The Forgotify Files

Aside

The Forgotify Files

The Forgotify Files…
Getting the unheard music heard, one track at a time

People make oceans of music and only a tiny, tiny amount ever rises up for a few moments like a wave, visible from the shore.

And then it’s gone, too, back into the bottomless sea of forgotten music.

–TK Major

About the Forgotify FilesWe’ve fallen in love with the Don Quixote of social music services, Forgotify…   Continue reading

A listener’s guide to what, you say?

1fdab0e4cab07f7bb0f13bcd001d4314a6f67bbeLa Nativite du Seigneur: IX. Dieu parmi nous

by Olivier Messiaen; Robert Noehren – on the album “Organ Music – Bach, J.S. / Gherardeschi, G. / Buxtehude, D. / Lefebure-Wely, L. / Durufle, M. / Messiaen, O. / Sowerby, L. / Rorem, N.

Ah… people just keep cranking out beautiful music —  but then there’s no one to listen.

Apparently.

Yet another heretofore unheard track from Spotify’s ‘forgotten fifth’ — the roughly 4 million of Spot’s 20 million or so tracks that have never gotten a human play there.

Until now.

For the record, this mouthful of an 8 minute-or-so modernist organ fantasia by 20th century composer Olivier Messiaen is track 7 on this album, indicating at least one other brave soul (but perhaps six) have plumbed these deeply reverberant depths — and heights — there is something about this track that, in this listener’s usually unfevered imagination, paints a stark and stunningly acromanic* image of a huge Gothic cathedral, its far and upper reaches lost in shadow. Lots of forearm on the keyboard stuff… worthy of yet another remake of the Phantom of the Opera — but, of course, with Messiaen’s  bold and restless embrace of the musical moment.

Organist Robert Noehren struck these ears as well-worthy of the challenges implicit in this striking piece.

I also listened to “Fantasy for Flute Stops” by Leo Sowerby, performed by Catharine Crozier, a six minute plus exploration of the flute (and presumably other woodwind) stops on what very much seems to be  a very different instrument in a very different environment. The piece may well have presented special challenges to the performer, but, particularly after the Messiaen, it offers the listener a moderately charming, relatively charming six minutes.

Neologiphobe note: as used above, acromania is a form of madness induced by certain forms of acrophobia. 

Forgotten: Field recordings of West African griots

14a0723a254c273b7e5d76f4d306c2ef487b6c8dWolof Song: Abdu Njai

by Nyama Suso – on the album “Griots: Ministers of the Spoken Word”

This 1975 Smithsonian Folkways recording is long on authenticity, at least as measured in the gap between the melodic tunefulness of the kora and the shout/talk/sing style of West African griots. Forgotify took me to the second song on the second side of this collection of Gambian and Malian griots. I also listened to “Tiramang” by Falie Kuyateh and Nyama Suso.

I actually listen to a lot of West African music in my non-Forgotify Files life, so I’m familiar with the style but these raw field-style recordings are a dimensional jump even from the smartphone recordings of today’s kora and guitar slinging blues griots.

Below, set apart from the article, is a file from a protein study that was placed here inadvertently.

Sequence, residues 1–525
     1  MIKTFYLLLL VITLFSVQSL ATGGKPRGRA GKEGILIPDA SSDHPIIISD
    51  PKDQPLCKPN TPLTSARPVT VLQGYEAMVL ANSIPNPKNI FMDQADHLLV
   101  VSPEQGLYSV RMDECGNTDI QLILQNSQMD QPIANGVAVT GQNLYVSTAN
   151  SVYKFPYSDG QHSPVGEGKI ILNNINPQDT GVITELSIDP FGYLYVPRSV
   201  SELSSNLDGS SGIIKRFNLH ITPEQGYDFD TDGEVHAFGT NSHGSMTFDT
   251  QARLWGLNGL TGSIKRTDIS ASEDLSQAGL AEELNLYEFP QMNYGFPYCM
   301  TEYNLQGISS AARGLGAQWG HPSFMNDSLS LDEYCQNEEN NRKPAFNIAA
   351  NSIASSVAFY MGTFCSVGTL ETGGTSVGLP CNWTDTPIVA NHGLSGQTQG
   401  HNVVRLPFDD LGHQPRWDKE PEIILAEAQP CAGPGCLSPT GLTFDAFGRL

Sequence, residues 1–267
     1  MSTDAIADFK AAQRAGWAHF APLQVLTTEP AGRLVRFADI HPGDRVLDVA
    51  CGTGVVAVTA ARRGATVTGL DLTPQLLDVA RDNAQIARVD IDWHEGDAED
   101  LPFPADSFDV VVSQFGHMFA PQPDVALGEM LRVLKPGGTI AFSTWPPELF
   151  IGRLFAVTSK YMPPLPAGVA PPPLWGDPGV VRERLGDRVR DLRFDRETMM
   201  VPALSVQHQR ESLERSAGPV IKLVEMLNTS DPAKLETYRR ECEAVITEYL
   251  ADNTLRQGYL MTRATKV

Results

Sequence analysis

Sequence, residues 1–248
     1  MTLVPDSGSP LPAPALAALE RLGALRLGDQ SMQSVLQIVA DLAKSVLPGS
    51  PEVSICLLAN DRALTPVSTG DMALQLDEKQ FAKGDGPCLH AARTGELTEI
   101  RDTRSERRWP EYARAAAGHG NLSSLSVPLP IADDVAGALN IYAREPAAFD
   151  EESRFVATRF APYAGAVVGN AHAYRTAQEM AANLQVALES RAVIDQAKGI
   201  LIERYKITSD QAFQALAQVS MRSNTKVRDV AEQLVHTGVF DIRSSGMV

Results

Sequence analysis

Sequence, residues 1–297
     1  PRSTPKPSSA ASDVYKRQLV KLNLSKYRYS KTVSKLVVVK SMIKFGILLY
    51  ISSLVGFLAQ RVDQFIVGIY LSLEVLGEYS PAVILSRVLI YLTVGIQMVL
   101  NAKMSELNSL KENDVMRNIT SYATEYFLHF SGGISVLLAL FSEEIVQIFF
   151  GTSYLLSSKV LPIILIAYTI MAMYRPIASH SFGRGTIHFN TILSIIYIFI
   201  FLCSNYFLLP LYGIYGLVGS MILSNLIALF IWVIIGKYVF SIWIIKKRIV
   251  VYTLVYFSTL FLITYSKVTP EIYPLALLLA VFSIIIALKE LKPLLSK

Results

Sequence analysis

Here’s the Smithsonian Folkways catalog page for the album: Griots: Ministers of the Spoken Word Various Artists FW04178 / FE 4178. I include it here so you can marvel at the informative catalog notes. (This previous is deadpan irony. Do not be fooled.)

 

 

 

Stark and stunning piano and cello from Mischa Schneider and Peter Serkin

Sonata in A Minor for Cello and Piano, Op. 116: I. Allegro moderato

by Peter Serkin – on the album “Music from Marlboro – Busoni: Fantasia Contrappuntistica for Two Pianos / Reger: Cello Sonata”

6dd7bd04df449d2967566e76f0da6f4e82ab4c74Ah… being first is neat… but rather bittersweet. I mean, here is this really quite stunning festival recording of a Reger piano and cello sonata from two masters,* yet no one has listened to it yet on Spotify. Where they could listen for free. (Or at least at the pain of an advert every once in a while — keep a hand ready to turn down the volume, since the ads are about Skrillex level, relative volume-wise.)

The work, itself, has a haunting, brooding quality (not like all those happy-go-lucky piano-cello sonatas, yeah?) perfect for the right rainy day. (But watch out on the wrong one. Do not follow with Billie Holiday singing, “Gloomy Sunday.”)

Strong performances, I think, a rapt audience, and darkly hypnotic material. What’s not to like? You’d think it would have caught on. (But, hey, maybe it went up yesterday, right? But not all of the 4 million unheard tracks on Spotify went up yesterday.)

On Google Music: https://play.google.com/music/m/B427f76tt2a2fvzym4azxdqmp3i

* Someone else had listened to the Busoni piano duo. And, in fact, someone else on Forgotify will likely be served up the second movement of this sonata, since I switched to my own (‘hi fi’) all-320 kbps subscription service when the sound on Spot — who have a mix of stream qualities — seemed a bit dodgy — that said, there’s a bit of noise on this live, festival recording at the very beginning of the sonata, sounds like something scraping a live mic. But the rest of the recording is fine, I often ‘forgot’ I was listening to a live recording.